Check out our new projector section click here. You will find reviews on the latest LCD projectors and DLP projectors for business presentations.
Man does not live by words alone,
despite the fact that sometimes he has to eat them.
"That's not my job,"
stated the clerk flippantly with a touch of body
language to exasperate the situation even further. The customer stood
there with her mouth half open. You could almost see the steam coming
out of her ears. It was certainly not the response she wanted to hear!
How many times have you walked into a store or called a company and received
a response that turned up the hair on the nape of your neck? Words are
powerful. They can hurt or soothe. Some combination of words create an
immediate negative reaction or image for the receiver of the communication.
When my brother and I would throw verbal volleys at each other, my mother
would frequently remind us of Thumper's comment to Flower in Bambi. "If
you can't say something nice, then don't say anything at all." We
can hurt our customers and potential customers or have them walk away
happy and glad they either called or came into our business simply by
using words with a positive twist. It is how we combine and state our
words and the voice and body inflection we use that can turn a frustrated
customer into a happy one.
Let us look at some of the frustrating statements you have heard and
discover how, through simple rephrasing, a negative can be turned into
The phone immediately clicks and the operator is gone,
leaving the client stranded and frustrated. The tone of the operator's
voice indicates she is hurried and really does not have time for one more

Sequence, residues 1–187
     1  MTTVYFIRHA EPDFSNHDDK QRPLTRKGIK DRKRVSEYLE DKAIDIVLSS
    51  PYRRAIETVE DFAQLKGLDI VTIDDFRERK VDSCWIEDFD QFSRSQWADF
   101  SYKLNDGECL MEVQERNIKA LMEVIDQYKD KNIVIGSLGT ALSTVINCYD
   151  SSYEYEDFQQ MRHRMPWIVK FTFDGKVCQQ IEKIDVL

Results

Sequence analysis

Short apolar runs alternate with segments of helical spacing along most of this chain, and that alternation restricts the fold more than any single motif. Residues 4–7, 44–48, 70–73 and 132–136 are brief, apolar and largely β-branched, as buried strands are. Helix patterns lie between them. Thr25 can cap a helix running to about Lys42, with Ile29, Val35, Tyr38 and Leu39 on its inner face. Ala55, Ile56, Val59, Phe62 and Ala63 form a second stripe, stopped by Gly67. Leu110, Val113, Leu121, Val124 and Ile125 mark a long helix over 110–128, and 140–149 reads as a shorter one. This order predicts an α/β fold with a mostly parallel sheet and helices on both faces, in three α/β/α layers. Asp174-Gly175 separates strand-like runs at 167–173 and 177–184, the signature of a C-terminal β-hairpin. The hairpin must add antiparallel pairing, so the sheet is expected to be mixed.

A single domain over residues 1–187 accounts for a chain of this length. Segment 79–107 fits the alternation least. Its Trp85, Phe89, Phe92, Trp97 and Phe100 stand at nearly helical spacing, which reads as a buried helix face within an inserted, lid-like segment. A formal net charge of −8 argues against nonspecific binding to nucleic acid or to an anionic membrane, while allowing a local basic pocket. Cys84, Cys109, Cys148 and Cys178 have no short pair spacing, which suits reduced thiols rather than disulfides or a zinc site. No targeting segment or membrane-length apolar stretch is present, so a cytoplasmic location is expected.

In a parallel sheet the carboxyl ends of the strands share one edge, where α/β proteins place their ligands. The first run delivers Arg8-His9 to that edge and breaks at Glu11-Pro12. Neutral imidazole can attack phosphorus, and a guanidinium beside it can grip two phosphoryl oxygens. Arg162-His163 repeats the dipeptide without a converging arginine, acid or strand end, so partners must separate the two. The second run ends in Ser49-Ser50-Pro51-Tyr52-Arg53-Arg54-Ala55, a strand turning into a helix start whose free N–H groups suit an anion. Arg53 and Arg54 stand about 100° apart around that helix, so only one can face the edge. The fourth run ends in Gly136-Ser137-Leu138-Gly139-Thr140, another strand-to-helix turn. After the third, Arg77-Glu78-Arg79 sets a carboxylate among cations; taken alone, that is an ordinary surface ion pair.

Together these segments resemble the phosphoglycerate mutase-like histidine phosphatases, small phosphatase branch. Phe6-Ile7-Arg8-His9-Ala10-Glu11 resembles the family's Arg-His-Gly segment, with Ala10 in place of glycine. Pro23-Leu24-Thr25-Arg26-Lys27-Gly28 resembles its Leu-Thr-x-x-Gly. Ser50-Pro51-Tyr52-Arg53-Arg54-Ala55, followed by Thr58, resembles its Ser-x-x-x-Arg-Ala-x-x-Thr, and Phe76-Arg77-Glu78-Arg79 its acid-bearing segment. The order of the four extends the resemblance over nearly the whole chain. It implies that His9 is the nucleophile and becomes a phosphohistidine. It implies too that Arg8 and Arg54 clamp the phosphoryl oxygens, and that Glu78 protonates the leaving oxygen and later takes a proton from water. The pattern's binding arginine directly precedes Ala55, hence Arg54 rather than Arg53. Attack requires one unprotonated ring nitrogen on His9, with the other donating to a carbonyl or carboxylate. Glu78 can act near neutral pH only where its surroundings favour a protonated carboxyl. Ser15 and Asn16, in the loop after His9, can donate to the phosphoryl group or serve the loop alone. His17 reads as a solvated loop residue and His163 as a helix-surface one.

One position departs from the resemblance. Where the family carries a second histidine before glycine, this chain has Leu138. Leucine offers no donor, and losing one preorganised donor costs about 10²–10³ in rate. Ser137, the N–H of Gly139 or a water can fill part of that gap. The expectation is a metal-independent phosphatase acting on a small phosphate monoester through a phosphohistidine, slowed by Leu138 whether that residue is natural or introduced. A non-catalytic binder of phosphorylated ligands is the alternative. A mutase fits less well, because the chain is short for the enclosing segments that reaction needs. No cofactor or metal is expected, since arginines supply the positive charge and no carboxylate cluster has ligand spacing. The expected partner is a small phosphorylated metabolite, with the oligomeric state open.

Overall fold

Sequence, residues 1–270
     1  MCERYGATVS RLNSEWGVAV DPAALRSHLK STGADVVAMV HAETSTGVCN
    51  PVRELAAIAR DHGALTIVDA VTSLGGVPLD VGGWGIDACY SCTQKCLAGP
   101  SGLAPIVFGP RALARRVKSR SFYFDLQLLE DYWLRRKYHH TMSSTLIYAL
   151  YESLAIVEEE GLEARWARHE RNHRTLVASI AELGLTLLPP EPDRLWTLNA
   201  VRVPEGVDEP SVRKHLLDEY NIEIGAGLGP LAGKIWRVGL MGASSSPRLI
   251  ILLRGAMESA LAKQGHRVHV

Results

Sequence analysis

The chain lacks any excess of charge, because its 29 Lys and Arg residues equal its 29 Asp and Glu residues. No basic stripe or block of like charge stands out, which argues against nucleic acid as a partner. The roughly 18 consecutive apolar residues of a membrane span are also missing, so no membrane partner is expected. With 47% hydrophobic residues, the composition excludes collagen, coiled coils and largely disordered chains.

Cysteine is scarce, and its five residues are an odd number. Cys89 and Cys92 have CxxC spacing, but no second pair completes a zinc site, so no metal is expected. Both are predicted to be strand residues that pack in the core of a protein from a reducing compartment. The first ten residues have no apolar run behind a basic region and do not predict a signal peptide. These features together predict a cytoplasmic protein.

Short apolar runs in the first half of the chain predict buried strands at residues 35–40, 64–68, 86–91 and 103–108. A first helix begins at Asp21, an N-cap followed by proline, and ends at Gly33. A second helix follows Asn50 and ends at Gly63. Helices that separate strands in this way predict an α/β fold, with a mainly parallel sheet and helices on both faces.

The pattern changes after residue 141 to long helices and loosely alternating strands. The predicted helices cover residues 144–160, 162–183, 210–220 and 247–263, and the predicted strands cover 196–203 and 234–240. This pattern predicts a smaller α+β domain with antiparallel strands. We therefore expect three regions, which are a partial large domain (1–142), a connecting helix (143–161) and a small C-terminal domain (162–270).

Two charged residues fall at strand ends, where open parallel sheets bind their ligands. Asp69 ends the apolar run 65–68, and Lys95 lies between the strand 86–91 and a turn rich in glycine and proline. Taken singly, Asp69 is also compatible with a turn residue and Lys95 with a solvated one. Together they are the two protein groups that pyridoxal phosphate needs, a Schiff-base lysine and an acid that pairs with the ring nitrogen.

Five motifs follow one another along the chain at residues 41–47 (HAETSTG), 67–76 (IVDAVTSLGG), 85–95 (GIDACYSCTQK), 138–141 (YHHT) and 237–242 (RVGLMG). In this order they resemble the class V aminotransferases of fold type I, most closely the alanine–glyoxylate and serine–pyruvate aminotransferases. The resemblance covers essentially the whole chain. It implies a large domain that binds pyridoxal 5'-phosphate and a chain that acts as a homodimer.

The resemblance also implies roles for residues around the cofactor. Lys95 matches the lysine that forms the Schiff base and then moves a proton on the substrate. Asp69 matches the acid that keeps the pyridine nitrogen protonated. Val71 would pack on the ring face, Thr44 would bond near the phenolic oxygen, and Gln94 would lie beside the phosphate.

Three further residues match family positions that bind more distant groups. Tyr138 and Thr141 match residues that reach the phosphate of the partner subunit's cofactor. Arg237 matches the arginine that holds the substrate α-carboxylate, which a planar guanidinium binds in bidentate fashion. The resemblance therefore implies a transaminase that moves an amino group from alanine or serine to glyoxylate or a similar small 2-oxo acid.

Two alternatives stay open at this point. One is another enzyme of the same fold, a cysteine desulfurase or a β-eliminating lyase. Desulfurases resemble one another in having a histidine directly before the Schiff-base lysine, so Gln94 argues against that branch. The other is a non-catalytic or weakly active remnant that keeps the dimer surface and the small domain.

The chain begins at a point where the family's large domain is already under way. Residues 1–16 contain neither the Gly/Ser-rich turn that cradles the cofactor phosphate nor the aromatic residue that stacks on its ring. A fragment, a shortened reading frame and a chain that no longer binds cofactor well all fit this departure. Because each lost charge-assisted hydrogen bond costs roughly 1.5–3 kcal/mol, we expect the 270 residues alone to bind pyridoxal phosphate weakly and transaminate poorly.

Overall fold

interruption. The customer feels as though they have never had control
of the situation and are angered by receptionist's lack of response to
their needs. What if this had been an emergency? A simple "Would
you hold please?" would have resolved the situation. Put the request
in the form of a question. It allows the customer to feel in control and
make a choice.
Well, who is this?
My gut feeling is to respond by saying "none of your business!"
A better question to ask is "May I tell him who's calling?"
This places the caller in control of the situation and they can choose
whether to disclose their name.
What's this about?
Once again, I always want to respond with a flippant statement. This confrontational
question can be restated in a non-threatening manner. "May I tell
her what this is regarding?" is a much more pleasant question and
places the caller at ease. The caller is once more in control of the conversation.
Just a minute and I'll be right
back. The customer is placed
situation where they have no choice. Whenever possible, give the customer
options or ask for permission to take your next action. Try "It might
take me a few minutes (or however long it may really take) to find that
information. Would you like to hold or can I call you back?"
Well that department is wrong!
This statement places blame on another section or person within the business.
It does not represent your company well and is a technique for passing
the buck or placing the blame elsewhere.
The customer does not care who
is wrong, they just want the situation corrected regardless
of where the mistake was made. "Let me see how I can fix this for
you," shows a willingness to rectify the situation and places the
customer at ease. It is an immediate tension reliever and begins to dissipate
a customer's angry feelings.
It's back there someplace,
is not the response a customer wants when they ask where they can find
an item. Maybe the customer has just walked the aisle five times and still